April 14, 2018 | Research
Top academic paper at ISOJ identifies differences between ‘news makers’ and ‘storytellers’
A study involving the differences between “news makers” and “storytellers” — according to journalists from Belgium and the Netherlands — was named the top academic paper at the 19th International Symposium on Online Journalism on April 13, the first day of the two-day conference in Austin, Texas.
“It’s a big surprise,” said Jan Boesman after the announcement. He wasn’t sure about submitting the paper he co-authored with Irene Costera Meijer to #ISOJ because it doesn’t directly address online journalism. That it was accepted and then named the top study out of six was icing on the cake.
Boesman and Meijer conducted in-depth interviews with 67 Belgian and Dutch journalists. Their findings show news makers and storytellers have sharp differences, including “pegs” and “predefined angles” as being important to the former while to the latter they are obstacles.
“In presenting stories, news makers defend many of the journalistic conventions challenged by storytellers,” the authors say in their study titled “’Don’t read me the news, tell me the story’: How newsmakers and storytellers negotiate journalism’s boundaries when preparing and presenting news stories.”
In his presentation at ISOJ on April 14, Boesma said that for storytellers “the form was more important for them than the topic.”
News makers are more committed, or reliant on, conventions like the inverted pyramid and a predefined idea of what the story will be. There is an efficiency at play here because news makers — or beat reporters — generally know what their end product will be. However, Boesma pointed out, this may lead to “hypothesis-confirming journalism,” leaving news makers blind to alternative narratives.
Boesma, a postdoctoral researcher at the Journalism Studies department of the Vrije Universiteit Amsterdam (the Netherlands), and a lecturer in sports journalism at the University of Leuven (Belgium), said storytellers talk about “listening to people” while news makers talk about “interviewing sources.”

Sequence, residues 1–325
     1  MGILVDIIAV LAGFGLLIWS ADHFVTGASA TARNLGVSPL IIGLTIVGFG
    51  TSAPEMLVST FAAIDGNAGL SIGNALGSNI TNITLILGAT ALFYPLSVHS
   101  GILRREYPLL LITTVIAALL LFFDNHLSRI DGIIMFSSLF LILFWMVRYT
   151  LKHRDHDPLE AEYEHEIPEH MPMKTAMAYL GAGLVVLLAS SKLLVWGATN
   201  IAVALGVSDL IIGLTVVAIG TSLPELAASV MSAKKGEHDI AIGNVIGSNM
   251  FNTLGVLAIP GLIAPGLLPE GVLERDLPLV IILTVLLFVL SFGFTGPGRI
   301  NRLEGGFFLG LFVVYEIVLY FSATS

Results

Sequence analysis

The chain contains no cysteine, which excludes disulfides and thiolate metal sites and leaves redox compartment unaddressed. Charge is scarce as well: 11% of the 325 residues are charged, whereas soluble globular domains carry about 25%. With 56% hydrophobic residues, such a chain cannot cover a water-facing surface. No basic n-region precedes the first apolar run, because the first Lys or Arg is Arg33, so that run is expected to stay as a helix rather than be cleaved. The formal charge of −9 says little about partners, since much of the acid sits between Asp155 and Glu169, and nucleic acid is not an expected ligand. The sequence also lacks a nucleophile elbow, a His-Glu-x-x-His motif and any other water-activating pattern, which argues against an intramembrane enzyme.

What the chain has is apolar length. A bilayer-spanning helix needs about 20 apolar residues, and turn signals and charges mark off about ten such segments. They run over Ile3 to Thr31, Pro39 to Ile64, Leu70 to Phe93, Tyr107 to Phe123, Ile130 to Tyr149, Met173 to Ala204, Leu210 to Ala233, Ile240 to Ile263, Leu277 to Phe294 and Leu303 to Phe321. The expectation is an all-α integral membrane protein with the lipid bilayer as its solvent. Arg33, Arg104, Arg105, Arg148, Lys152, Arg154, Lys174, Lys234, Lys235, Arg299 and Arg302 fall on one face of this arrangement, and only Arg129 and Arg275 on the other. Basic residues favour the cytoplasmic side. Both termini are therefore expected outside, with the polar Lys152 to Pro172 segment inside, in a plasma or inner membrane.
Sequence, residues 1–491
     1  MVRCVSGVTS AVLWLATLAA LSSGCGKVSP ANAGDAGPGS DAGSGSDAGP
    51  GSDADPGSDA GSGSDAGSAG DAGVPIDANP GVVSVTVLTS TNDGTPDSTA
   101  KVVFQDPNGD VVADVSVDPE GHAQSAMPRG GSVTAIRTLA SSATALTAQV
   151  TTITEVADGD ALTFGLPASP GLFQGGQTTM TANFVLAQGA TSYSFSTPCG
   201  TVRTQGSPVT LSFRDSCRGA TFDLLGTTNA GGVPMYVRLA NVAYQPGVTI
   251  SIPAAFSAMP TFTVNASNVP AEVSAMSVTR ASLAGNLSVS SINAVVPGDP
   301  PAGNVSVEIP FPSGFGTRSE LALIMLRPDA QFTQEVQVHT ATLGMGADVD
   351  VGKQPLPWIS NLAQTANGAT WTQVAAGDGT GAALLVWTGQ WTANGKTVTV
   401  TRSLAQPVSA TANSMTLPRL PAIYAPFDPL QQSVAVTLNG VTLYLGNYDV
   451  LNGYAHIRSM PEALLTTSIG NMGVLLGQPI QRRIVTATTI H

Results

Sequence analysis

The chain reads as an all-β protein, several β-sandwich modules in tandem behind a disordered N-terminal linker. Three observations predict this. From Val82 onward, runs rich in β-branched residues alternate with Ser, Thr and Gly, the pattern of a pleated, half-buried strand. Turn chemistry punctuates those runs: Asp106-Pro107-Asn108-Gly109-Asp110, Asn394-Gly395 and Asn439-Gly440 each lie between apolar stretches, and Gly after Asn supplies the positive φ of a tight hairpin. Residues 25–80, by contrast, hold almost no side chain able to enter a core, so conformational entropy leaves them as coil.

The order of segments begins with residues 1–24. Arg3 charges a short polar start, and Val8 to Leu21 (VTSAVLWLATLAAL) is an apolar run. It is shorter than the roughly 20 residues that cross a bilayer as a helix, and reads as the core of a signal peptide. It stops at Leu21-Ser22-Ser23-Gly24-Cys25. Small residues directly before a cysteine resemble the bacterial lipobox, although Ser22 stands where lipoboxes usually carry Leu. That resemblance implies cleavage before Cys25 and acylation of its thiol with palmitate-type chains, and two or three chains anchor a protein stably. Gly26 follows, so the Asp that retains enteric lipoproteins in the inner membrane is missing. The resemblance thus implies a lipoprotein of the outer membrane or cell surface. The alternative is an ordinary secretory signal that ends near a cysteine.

“This paper provides key insights of how we need to focus and investigate storytelling tactics in this digital era and the ways to do so,” said Amy Schmitz Weiss, research editor for ISOJ and co-editor of #ISOJ.
Jane Singer, guest editor of #ISOJ and professor of journalism innovation at City University of London, echoed Schmitz Weiss’ comments.
“The study by Jan and Irene especially gets to the heart of our theme, changing habits of thought, through a multi-method exploration of differences between journalists who think of themselves as ‘news makers’ and those who see themselves as ‘storytellers.’ They show how the starting point for understanding what you are about as a journalist can shape every aspect of news.”
“All the articles are terrific reads, each exploring a unique and fascinating aspect of change in contemporary journalism,” said Singer, who hosted a research panel at ISOJ on April 14.
The 2018 edition of the #ISOJ journal features academic research covering a wide range of subjects, such as the digital evolution of the Christian Science Monitor, the use of digital metrics by newspaper journalists, perceptions of solutions journalism, journalists accepting precarity, or “permanent labor insecurity,” as a given in their industry, and the influence databases have on narratives among Argentinian online articles.